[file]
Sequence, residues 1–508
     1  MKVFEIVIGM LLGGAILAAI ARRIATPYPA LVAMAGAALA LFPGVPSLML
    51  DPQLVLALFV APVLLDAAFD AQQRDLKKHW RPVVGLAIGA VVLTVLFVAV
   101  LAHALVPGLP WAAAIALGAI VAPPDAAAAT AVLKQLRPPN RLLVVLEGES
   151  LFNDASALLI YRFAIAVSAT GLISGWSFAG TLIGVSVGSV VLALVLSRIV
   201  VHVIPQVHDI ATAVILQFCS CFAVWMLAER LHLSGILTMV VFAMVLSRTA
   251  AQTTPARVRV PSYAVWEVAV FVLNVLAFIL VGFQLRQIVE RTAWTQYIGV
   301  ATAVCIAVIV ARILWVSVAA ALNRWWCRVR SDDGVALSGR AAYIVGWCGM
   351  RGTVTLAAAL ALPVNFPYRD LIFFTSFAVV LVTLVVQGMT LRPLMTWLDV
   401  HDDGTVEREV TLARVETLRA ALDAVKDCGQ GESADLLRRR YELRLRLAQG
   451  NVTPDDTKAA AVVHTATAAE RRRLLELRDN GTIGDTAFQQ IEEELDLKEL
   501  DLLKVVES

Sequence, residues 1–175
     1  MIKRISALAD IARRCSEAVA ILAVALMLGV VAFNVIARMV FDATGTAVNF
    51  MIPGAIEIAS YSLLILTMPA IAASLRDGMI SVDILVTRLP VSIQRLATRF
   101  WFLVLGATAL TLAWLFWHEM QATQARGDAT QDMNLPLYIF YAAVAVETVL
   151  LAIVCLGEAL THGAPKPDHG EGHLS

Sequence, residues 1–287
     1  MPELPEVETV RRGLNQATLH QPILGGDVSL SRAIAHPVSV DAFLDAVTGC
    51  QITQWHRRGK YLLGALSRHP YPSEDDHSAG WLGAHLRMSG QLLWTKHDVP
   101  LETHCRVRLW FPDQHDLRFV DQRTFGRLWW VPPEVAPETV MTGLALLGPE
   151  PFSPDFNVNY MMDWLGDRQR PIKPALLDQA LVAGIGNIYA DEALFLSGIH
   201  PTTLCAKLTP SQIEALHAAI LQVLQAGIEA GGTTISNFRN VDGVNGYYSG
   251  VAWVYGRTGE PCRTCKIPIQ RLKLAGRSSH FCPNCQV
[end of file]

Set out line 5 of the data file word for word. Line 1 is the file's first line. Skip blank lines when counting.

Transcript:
   151  LFNDASALLI YRFAIAVSAT GLISGWSFAG TLIGVSVGSV VLALVLSRIV